Last Thursday morning Colonel Alanson E. Niles, of this borough, died at the German hospital in Philadelphia, where he went on the 21st of September to undergo a delicate surgical operation.  He stood the operation well and seemed to be on the way to recovery, when Bright’s disease was developed and he rapidly grew weaker until the end.  Mrs. Niles and his son Lieut. Nathan E. Niles were at his bedside.  The remains were brought home on Friday, and on Saturday afternoon the funeral was held at his late residence on Main street, the burial being with military honors.  Alanson Erric Niles was the son of Mr. Nathan Niles, one of the early settlers of Charleston township.  He was born on his father’s farm near this borough October 5, 1816.  He inherited the homestead and was engaged in farming until 1857, when he came to this borough and engaged in the mercantile business with Mr. Aaron G. Elliott, the firm of Niles & Elliott doing business in the old wooden building which stood on Main street on the corner just below the First National bank.  In 1861 Mr. Niles was among the first to respond to the call for volunteers to suppress the Rebellion.  He enlisted in this borough, recruiting a company of men, and was elected Captain of Company E of the 1st Pennsylvania Rifles, better known throughout the country as the “Bucktails.”  He was mustered into service May 31, 1861.  At Dranesville on December 20, 1861, the Bucktails are credited with winning the first victory of the war for the army of the Potomac.  Here Captain Niles was severely wounded, being shot through the lungs.  He was in the hospital some time, but as soon as he was able he hastened back to his regiment.  On the morning of the 2nd day of the battle of Gaines Hill six companies of the Bucktails were stationed on a hill above a swamp to guard a bridge, the only crossing for miles in either direction.  When the armies retreated, Companies D and E, with Captain Niles in command, were left to hold the bridge.  The boys stood their ground until a Rebel brigade came up in their rear to within 10 rods, when they retreated over the brow of the hill to fall into Jackson’s advancing corps.  They were completely surrounded and taken prisoners.  Company E was the color company of the regiment and rather than have their flag fall into Rebel hands they buried it in the swamp.  Captain Niles was in Libby prison for 49 days, when he was exchanged, together with most of the members in his company, and they at once went to the front again.  Captain Niles was promoted to the rank of Major on March 1, 1863, and on the 15th of May following he was made Lieutenant-Colonel of the regiment.  It was while with the Bucktails in their charge on Little Round Top at Gettysburg, on the 2d of July, 1863, that he was wounded in the left thigh.  Lieut. Col. Niles was afterward transferred to the Veteran Reserve Corps with promotion to the rank of Colonel.  He commanded the corps during the raids of the famous Mosby in eastern Virginia, and at White House Landing he held the field against Mosby’s men for one whole day, when he was relieved by Gen. Sheridan.  Colonel Niles was then sent to Point Lookout, a general depot for prisoners, where he remained in charge until after Lee’s surrender.  He then went to Washington.  On the night that President Lincoln was assassinated Col. Niles was in Ford’s theater, and he heard the pistol shot and hastened to the hallway and saw the wounded President being carried out.  Col. Niles participated in the following battles during the war.  New Creek, Hunter’s Mills, Dranesville, Gaines Hill of the seven days fight before Richmond, Fredericksburg, South Mountain, Antietam and Gettysburg.  When the war closed and the grand review was held in Washington, Colonel Niles was selected from among the thousands of officers to be the officer of the day, and he had full military charge of the city at that time.  Col. Niles was then commissioned as Captain in the regular army, and for three years he was stationed at Plattsburgh, NY, in command of the military barracks.  On account of disability by reason of his wounds he was retired in 1869 with the rank and pay of a Captain, and he came to this borough to reside.  On account of disability by reason of his wounds he was retired in 1869 with the rank and pay of a Captain, and he came to this borough to reside.  After his retirement he lived here quietly, enjoying the respect and esteem of his neighbors, and always taking a lively interest in the affairs of the Government.  He was an ardent lover of rifle-shooting and recently notwithstanding his years, he made some remarkable scores on the rifle range.  It can truthfully be said of Col. Niles that he was a stranger to fear and a martyr to duty.  His record during the war was one of great personal courage, and of thorough devotion to the exact discharge of military duty in every station.  At home among his friends although of a naturally retiring nature, he was cheerful, genial and steadfast.  Col. Niles was married November 19, 1842, to Angeline Austin, of Charleston.  Two sons and two daughters were born to them.  His widow and Lieut. Nathan E. Niles, of the Navy, survive him.  The funeral was held last Saturday afternoon at the family residence and it was largely attended.  Rev. Dr. A. C. Shaw conducted the service.  The Cook Post, G. A. R. attended in a body, and 25 members of Col. Niles’s company acted as a military escort to the cemetery and tenderly committed the remains of their late commander to the dust.  Each member wore the distinguishing bucktail on his hat.  Among the many floral tributes was a buck constructed of white flowers, which was a testimonial of respect from the surviving members of Company E of the Bucktails.  At the cemetery the service was in charge of the Cook Post, No. 315, G. A. R.  (Tuesday, October 14, 1891, The Wellsboro Agitator, Wellsboro, Tioga Co, Pa.)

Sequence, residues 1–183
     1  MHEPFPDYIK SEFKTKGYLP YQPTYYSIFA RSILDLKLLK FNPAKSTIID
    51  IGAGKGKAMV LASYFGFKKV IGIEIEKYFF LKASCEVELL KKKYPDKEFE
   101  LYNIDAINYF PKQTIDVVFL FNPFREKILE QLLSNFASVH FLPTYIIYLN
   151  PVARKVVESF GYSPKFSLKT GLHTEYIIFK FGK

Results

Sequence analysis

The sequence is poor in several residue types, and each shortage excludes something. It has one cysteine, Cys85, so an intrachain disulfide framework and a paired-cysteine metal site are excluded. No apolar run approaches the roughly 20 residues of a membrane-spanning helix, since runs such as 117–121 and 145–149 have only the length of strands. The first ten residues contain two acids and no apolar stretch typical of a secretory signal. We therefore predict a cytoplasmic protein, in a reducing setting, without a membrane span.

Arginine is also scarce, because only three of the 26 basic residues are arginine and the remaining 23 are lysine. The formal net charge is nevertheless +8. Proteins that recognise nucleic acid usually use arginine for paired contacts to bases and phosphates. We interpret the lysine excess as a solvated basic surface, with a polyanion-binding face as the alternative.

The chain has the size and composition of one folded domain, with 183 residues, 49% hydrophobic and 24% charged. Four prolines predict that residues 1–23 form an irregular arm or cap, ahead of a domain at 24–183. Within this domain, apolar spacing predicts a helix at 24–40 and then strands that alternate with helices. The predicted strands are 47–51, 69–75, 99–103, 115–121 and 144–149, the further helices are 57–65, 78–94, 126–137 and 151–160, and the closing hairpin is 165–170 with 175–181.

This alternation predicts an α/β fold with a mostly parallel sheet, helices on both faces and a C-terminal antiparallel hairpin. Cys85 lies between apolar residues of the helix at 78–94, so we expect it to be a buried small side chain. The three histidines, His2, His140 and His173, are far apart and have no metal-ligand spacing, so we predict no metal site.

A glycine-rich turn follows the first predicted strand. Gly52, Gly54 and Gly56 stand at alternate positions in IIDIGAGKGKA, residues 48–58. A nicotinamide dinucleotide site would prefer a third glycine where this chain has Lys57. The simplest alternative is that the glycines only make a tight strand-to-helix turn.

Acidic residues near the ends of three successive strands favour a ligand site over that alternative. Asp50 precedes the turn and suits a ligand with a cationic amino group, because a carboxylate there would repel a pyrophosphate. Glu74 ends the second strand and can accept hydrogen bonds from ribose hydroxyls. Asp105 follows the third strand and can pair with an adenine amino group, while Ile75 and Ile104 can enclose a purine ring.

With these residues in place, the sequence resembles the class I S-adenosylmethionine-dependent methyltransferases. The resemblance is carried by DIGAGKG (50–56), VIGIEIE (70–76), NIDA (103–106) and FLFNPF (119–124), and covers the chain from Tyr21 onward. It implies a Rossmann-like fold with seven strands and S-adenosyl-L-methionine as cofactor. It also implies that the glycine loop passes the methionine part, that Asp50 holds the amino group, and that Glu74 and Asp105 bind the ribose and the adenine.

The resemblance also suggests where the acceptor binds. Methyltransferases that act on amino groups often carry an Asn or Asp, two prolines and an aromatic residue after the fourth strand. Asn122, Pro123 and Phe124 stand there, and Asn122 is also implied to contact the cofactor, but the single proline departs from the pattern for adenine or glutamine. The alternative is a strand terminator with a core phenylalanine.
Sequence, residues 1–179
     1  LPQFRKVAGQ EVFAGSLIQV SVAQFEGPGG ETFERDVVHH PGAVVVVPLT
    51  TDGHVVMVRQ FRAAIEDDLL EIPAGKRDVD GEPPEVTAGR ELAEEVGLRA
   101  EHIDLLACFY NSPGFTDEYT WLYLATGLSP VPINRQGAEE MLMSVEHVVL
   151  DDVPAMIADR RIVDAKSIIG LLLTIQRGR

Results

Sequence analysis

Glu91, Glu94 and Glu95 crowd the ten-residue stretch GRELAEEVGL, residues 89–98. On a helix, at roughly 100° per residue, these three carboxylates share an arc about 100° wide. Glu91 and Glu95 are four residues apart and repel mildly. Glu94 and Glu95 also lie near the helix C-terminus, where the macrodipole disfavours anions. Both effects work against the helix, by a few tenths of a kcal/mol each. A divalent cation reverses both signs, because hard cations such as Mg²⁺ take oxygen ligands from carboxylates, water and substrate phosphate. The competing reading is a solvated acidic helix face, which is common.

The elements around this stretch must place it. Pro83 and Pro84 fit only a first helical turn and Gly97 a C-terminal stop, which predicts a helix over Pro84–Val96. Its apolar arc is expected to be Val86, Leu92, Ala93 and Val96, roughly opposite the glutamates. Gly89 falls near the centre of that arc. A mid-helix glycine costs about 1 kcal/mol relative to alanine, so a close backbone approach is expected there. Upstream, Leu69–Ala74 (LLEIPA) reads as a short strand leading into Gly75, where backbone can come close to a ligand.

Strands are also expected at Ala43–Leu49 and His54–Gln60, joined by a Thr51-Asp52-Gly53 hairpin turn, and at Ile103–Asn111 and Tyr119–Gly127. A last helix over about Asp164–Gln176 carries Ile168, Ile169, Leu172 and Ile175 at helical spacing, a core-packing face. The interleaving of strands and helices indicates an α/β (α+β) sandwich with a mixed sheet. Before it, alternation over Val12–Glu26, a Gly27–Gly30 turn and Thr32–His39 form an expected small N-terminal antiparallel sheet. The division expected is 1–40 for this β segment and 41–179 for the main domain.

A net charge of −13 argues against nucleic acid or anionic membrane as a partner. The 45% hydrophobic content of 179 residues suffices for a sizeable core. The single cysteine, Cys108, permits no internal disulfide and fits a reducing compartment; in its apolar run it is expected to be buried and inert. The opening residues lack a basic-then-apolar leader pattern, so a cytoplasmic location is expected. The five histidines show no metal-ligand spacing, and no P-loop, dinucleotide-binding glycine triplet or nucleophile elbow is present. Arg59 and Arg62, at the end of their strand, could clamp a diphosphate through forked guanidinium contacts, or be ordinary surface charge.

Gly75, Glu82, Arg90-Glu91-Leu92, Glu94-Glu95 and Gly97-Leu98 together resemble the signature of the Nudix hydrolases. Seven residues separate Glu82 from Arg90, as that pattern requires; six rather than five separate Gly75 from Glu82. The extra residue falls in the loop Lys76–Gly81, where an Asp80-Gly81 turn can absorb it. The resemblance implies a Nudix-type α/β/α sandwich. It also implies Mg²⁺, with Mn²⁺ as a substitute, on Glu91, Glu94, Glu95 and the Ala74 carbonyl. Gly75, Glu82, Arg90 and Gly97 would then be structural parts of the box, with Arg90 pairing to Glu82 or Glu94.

Burr Clifton Shaff